5 comments:

PG said...

1) The idea that the Obamas are ungrateful to a country in which they have become successful and wealthy is highly popular on the right, and it's what Levin was picking up. If the Obamas only complained about some Americans' having a tough time, without empathizing with that experience, Republicans would just accuse them of class warfare. But because the the Obamas try to identify with such struggles (e.g. by recalling their own student loans), Republicans accuse them of dishonesty about their own economic situation as well.

2) Is there any modern woman whom Hitchens does admire? After all, part of his notoriety derives from criticizing Mother Teresa and Princess Diana; he has it out for Hillary Clinton; and now he's treating Michelle Obama as a wicked influence on her husband. The essay is moronic on too many levels to get into now, but the most obvious is that Obama met and was baptized by Wright years before he met Michelle.

3) Hindus don't evangelize and therefore are fundamentally less threatening than religious believers who do. They've also never been able to get it together enough to go invade other countries. Gandhi once noted that there was a theory during his youth that vegetarianism was keeping Hindus too weak to throw out the British (and maybe Muslims while they were at it). Even Buddhists have managed to kick more ass (see, e.g., Buddhist rebellion in Japan). Most of the great battles I've seen in Indian movies actually have been from Hindu mythology, depicting wars among gods and demons.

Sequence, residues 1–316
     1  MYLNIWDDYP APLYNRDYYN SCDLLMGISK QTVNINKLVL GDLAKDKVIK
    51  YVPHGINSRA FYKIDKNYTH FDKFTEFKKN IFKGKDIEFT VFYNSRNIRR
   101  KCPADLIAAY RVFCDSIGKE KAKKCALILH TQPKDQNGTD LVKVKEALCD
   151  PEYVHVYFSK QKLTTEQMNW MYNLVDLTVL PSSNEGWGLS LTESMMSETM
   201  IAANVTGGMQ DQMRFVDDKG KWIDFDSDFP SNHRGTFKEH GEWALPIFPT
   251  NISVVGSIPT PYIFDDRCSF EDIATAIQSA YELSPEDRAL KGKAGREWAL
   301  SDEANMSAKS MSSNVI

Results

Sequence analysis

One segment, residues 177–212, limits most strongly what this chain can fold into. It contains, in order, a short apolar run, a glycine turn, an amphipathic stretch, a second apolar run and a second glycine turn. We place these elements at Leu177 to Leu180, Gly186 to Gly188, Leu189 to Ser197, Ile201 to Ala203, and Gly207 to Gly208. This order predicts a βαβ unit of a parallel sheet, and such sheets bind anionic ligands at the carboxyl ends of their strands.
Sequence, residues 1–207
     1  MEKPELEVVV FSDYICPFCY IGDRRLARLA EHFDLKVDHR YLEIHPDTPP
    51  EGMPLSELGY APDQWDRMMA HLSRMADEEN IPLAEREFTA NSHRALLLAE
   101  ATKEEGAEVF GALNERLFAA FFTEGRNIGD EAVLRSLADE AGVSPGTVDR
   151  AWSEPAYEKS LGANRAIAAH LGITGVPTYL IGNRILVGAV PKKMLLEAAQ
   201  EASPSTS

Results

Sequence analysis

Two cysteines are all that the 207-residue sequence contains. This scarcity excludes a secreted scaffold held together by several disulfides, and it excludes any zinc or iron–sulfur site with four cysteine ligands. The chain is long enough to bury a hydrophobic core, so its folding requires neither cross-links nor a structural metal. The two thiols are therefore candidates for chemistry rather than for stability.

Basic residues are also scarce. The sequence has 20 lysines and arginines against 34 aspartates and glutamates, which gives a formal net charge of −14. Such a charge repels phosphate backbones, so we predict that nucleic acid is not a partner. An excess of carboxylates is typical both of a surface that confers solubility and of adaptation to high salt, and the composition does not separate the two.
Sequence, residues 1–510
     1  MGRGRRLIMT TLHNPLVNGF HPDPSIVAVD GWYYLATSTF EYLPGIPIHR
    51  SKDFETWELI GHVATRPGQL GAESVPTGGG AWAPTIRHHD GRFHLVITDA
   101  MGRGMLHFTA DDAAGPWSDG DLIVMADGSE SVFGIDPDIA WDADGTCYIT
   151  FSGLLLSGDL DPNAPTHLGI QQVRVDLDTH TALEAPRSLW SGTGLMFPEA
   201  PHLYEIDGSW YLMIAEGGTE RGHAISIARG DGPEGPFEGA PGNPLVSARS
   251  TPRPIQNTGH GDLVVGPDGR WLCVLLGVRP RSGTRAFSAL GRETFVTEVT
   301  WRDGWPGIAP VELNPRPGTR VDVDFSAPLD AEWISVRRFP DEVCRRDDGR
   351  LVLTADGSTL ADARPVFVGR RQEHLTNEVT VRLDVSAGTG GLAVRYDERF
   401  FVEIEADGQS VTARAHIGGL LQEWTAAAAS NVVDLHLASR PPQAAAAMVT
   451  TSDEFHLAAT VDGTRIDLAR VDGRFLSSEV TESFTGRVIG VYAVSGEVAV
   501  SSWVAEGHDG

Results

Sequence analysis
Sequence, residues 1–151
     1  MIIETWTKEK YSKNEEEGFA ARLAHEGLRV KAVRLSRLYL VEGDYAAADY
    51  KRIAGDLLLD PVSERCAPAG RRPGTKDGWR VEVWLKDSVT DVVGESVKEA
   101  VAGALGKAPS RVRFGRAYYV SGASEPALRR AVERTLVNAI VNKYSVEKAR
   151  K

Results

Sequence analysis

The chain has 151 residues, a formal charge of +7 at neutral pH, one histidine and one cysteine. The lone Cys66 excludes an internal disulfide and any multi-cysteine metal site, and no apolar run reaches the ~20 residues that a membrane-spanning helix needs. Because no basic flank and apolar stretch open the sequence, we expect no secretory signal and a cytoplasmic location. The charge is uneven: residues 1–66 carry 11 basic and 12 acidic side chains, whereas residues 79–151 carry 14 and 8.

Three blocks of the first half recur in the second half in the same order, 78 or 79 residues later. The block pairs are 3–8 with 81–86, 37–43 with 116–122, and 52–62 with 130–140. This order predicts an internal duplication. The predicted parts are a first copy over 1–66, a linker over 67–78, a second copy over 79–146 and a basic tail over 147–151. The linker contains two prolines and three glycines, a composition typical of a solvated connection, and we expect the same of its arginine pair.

David Schraub said...

"Hindus don't evangelize and therefore are fundamentally less threatening than religious believers who do. They've also never been able to get it together enough to go invade other countries....Even Buddhists have managed to kick more ass...."

"Even Buddhists have managed to kick more ass" is one of the more hilarious things I've read today. But aside from that, you could (I guess until the mid-20th century) have said the same thing about Jews, but that never stopped anyone from thinking of us as the scariest creatures to ever roam the earth.

Joe said...

In this unstable world we live in it's good to see that Christopher Hitchens remains a hack and a blowhard.

schiller1979 said...

Hinduism, as a non-monotheistic [or at least not traditionally monotheistic] religion would seem to be more theologically dangerous to Christianity

Aside from specific religious issues such as who evangelizes and who doesn't, I think this is, in a more general sense, an example of how people who are closely related can be more brutal to each other than people who are more distant. That is given as an explanation of, for instance, the brutal nature of the American Civil War. It can also be applied to more recent incidents of brutality, such as Rwanda.

Whether you want to call them "peoples of the book" or "sons of Abraham", Muslims, Christians and Jews have, by and large, had more dustups with each other than with more distant groups such as Hindus or Buddhists.

PG said...

It might be worthwhile to compare evangelical versus non-evangelical faiths to see which is more inclined toward aggression. David says that Jews were almost always victims until (arguably) the creation of Israel.

Hinduism never spread much outside South Asia, neither by the sword nor by explicit missionizing. Although Indonesia received substantial Buddhist and Hindu influence through trade activities. Meanwhile, the Hindus themselves got squashed by Muslim invaders. Buddhism is a more evangelizing faith than Hinduism, from which it grew. E.g., a Korean king sent Buddhist monks to Japan to teach the faith.

It's sort of inherent to a newer religion that it would have to talk people into joining, as opposed to Judaism and Hinduism, which have existed much longer and that people mostly get born into.